As a parent, there is one source I go to when I need help.
That’s right, you guessed it.
It’s for a number of reasons, really. First, I can’t get enough of her accent. Second, I love the variations of the punishment spot each episode: the naughty corner, the naughty chair, the naughty mat, the naughty stool … you get the idea. I think one time there was a naughty pillow. Yes, I giggled.
Due to my love for Jo Frost, you won’t be surprised when my inspiration for our own “House Rules” came from Supernanny herself. Jo (Though is it actually producers that come up with this stuff? Is Jo really a child rearing expert? I should look that up …) suggests sitting down together as a family to come up with rules so that everyone feels a part of it.
Fantastic in theory.
When we sat down to actually do this, however, the process took on a life of its own.
Allow me to set the stage.
The Scene of the Rules
We are about to start our bedtime routine when I tell my kids “we all have to have a talk.” I’m saying this to my kids, but it is also the first time my husband is aware that “we all have to have a talk.” I avoid his gaze.
My daughter, 5, immediately thinks she is in trouble. My son, 3 1/2, is making some sort of vehicular noise and isn’t paying attention. My husband, 42, is staring off into space and also isn’t paying attention.
“Don’t worry,” I say to my daughter. “Just sit down.”
I have retrieved a marker and piece of construction paper. The marker has caught my son’s attention. He would now like to color. My daughter is growing increasingly paranoid.
“Is this because I had bad behavior yesterday?” she asks.
“Yes,” I say.
Well, it was.
The Speech Before the Rules
As parents, we all envision these grandiose speeches we will give to our children. In our minds, we envision them actually paying attention.
In reality, these speeches go something like this:
Me: “We are going to put together some house rules … Jack, look at me … because we need to understand what is expected … put that down. Does that make sense?”
Abby: “Mommy, can I write?”
Me: “Did you hear what I said?”
Abby: “Can I write it?”
Me: “Don’t worry about it, did you understand what I said?”
Abby in a painfully, whiny tone: “I want to write it!”
Me in a painfully, teenager-y tone: “Fine, whatever!”
I hand her the marker and paper.
The Drawing Up of the Rules
After I let Abby write “House Rules” at the top of the paper (which reminded me of “House Elves,” but I digress), I reclaim the writing utensil and we got to work.
No sooner had I opened the floor for suggestions had Jack punched himself in the forehead and proudly exclaimed, “Don’t do that … ow!”
You had to appreciate his enthusiasm.
In an effort to make his personal sacrifice useful, I confirmed, “No harming others,” and wrote it down.
Abby then began a long, drawn-out monologue that included the importance of not touching the TV, because, after all, the TV could fall and break or, worse, accrue even more fingerprints than it already has.
In the midst of her speech, Jack interrupted, to which Abby screamed as though someone had just hit her over the head with a hard, metal object.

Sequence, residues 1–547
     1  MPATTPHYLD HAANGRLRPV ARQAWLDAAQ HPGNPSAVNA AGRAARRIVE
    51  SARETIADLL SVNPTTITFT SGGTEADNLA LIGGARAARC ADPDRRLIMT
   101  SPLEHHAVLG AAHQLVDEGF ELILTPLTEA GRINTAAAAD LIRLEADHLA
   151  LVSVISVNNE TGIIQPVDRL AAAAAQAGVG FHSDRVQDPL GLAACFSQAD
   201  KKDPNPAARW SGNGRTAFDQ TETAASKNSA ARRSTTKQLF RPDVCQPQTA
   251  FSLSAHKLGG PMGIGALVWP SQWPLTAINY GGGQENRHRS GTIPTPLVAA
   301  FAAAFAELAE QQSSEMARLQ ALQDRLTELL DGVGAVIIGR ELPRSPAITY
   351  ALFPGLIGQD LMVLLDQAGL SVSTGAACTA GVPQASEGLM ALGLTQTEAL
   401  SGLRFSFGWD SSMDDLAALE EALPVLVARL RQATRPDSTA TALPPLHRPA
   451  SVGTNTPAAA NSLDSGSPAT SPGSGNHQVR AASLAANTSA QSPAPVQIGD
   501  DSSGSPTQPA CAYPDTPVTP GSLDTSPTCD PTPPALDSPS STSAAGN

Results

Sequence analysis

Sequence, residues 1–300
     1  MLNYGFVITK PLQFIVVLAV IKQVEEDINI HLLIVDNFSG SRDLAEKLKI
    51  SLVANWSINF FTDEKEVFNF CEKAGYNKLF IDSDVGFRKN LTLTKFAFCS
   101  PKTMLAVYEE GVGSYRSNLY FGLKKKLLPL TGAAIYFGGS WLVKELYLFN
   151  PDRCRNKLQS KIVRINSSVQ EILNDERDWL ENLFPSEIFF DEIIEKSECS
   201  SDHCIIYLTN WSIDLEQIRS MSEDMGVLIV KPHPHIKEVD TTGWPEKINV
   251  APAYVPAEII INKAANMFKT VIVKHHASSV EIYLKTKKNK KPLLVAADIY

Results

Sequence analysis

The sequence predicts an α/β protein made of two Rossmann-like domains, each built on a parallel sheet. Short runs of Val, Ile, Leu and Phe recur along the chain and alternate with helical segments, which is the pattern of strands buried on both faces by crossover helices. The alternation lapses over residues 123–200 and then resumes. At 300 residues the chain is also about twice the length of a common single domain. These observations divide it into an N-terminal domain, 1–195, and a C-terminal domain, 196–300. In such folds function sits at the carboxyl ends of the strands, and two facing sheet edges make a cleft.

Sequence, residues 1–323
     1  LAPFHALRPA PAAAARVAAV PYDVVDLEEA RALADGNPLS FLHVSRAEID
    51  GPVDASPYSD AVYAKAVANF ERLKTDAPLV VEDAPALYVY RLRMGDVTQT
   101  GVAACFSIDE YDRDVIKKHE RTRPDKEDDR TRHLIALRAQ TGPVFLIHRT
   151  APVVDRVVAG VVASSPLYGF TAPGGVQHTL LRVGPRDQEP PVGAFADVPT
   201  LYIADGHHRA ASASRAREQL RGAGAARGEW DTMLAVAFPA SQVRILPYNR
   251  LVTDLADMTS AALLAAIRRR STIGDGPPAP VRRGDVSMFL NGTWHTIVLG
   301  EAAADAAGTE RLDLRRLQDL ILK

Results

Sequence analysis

“Hey!” she screamed at a shrill, ear-piercing tone. “Noooooo, Jack!”
“No whining,” I confirmed, and wrote it down. “Isn’t that an important one?”
Jack had already moved on. He was so excited to come up with additional rules, he began stuttering in an attempt to get the words out faster. He then ran over to the couch and hit it a few times before declaring, “No hitting the couch, right Daddy?”
Abby, enjoying the couch theme, took the opportunity to jump up and sit on the back of the couch in order to demonstrate what we should not do, because simply saying we shouldn’t sit on the back of the couch wouldn’t have sufficed.
The Actual Rules
This is what we came up with. The process took way too long and, if it were up to the kids, our final draft would have been 10 pages. Ah, the irony.
No harming others. The first rule and a necessary one. Especially since Jack harmed himself during the inception of this rule.
- No whining. This is the most important rule. It is also futile considering Abby speaks whine-glish – English with an emphasis on long, drawn-out words, often accompanied by falling on the floor.
- No taking toys. I enjoy exercising this rule for myself when it doesn’t occur to my kids that they aren’t the only ones who own things. Yes, my phone is my toy. No, you can’t take it.
- No spitting. I’m not sure which child came up with this one, but it’s not a problem we have. I wrote it down to keep from discouraging the kids. I’m sure Supernanny would be proud of my effort to keep the entire family involved.
- No tackling. This is really a Jack problem.
- No screaming. See Rule No. 2’s explanation.
- Do what Mommy and Daddy say. An all-encompassing rule that created more of a grammar issue than anything. I wrote it out as though it were an all-inclusive process. Do what we say not do what each of us says. I should probably add an ’s’ to ‘say,’ but I just don’t have it in me. Technically it’s correct.
- No breaking things. Fingers crossed.
- Be kind to one another. It’s worth a shot.
- No tattling. Come to think of it, we haven’t had a lot of tattling since these rules were drawn up. Jo Frost is a genius.
- No interrupting. Go ahead and laugh.
- Put away your toys. This may be the most attainable rule on our list, sadly.
We were proud of our 12 rules, especially since it took us about 40 minutes to come up with them. The session finally concluded with my husband declaring, “Okay, we can add more later!” as the kids were grasping at straws.
“But, but, but, but what about … no taking dinosaurs!”
“What about … no pinching!”
I’ll let you know how it goes.